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Nov 17 2020 - 09:00 AM
Today In History: The Elizabethan Age Begins

On November 17th, 1558, Elizabeth Tudor at the age of 25 years succeeded her half-sister Queen Mary, to the throne of England. Daughters to the exuberant King Henry VIII, Mary was brought up as Catholic and became known for her efforts to reverse the English Reformation, while Elizabeth, was raised as Protestant and lent wittiness and temper to her strong-willed personality. Nicknamed the "Virgin Queen" or "Good Queen Bess," Elizabeth the First reigned from 1558-1603; one of England's greatest monarch's, she refused to marry in order to protect the crown and maintain her authority, while the Pope refused to acknowledge her legitimacy as a ruler descended from Anne Boleyn, King Henry's second wife beheaded for treason. Despite division, the Elizabethan Age signified an illustrious period of religious tolerance, culture, and the arts, with England becoming a superpower in politics, as well as commerce. Elizabeth prompted discovery of the new world, supporting Sir Francis Drake's circumnavigation of the world and Sir Walter Raleigh's voyages to North America. As an important era of study and research, we highlight select resources about the Elizabethan Age which has figured in the news and scholarship throughout the centuries.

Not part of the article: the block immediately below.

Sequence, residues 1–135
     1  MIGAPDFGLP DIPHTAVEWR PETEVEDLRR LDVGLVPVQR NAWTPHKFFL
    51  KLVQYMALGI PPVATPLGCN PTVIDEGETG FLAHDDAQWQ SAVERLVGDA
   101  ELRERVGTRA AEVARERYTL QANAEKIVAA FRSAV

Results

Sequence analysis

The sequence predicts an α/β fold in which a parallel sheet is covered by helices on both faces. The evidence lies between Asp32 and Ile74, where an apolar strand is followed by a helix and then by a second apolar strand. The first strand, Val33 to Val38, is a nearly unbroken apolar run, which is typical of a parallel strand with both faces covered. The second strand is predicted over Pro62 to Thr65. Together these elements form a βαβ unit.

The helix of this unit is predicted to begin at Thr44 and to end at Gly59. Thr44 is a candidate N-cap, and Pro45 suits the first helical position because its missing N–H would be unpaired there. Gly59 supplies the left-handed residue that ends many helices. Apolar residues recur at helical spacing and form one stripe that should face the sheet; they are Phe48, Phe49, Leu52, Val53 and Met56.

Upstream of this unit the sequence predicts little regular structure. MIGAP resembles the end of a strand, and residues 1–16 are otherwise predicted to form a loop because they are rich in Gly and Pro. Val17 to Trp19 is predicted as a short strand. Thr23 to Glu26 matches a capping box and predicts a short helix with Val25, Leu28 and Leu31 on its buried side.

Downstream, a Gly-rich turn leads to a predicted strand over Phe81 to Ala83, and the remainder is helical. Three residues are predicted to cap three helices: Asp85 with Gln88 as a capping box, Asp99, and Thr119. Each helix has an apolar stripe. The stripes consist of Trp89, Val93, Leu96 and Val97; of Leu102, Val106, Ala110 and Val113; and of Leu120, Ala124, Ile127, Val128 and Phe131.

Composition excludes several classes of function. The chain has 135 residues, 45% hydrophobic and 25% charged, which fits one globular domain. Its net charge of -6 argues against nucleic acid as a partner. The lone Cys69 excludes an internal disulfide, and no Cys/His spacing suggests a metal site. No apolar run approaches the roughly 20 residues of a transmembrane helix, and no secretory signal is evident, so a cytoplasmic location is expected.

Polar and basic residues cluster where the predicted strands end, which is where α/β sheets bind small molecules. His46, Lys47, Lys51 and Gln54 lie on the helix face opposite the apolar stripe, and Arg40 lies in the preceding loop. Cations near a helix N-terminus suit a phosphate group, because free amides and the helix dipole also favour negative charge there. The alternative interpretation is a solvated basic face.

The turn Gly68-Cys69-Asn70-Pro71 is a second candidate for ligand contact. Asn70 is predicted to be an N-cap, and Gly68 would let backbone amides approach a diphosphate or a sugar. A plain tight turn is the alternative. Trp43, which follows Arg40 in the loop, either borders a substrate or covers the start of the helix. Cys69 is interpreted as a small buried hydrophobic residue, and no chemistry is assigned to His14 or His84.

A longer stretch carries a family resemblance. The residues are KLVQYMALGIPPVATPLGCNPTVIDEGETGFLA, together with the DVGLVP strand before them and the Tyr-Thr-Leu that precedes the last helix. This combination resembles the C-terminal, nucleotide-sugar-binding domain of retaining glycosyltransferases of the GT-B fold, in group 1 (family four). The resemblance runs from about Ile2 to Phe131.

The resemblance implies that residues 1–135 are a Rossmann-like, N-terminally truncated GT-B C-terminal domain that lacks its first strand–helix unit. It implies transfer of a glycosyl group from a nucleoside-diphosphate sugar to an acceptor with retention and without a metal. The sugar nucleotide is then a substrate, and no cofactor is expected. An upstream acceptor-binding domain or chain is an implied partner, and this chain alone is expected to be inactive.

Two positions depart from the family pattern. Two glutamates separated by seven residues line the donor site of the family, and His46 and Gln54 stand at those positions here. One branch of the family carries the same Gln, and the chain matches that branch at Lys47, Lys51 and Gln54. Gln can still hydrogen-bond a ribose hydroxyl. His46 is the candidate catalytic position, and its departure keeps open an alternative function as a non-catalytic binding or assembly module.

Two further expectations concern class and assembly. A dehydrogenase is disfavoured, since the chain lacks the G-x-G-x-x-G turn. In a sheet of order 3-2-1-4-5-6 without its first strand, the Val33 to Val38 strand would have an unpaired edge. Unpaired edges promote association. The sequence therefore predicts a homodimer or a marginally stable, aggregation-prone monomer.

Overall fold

The following articles are drawn from Proquest Historical Newspapers, which informs and inspires classroom teaching and learning.


  • Hall, Hubert. Society in the Elizabethan Age. A classic work first published by S. Sonnenschein, Lowrey & Co. in 1886 that presents the Darrell family and social life in the country, town, and court.


  • Special News Slide, Courtesy of the Gottesman Libraries


Need to keep current, look to the past, teach a topic? The Everett Cafe features daily postings of news from around the world, and also promotes awareness of historical events from an educational context. Be sure to check additional Cafe News postings on the library blog.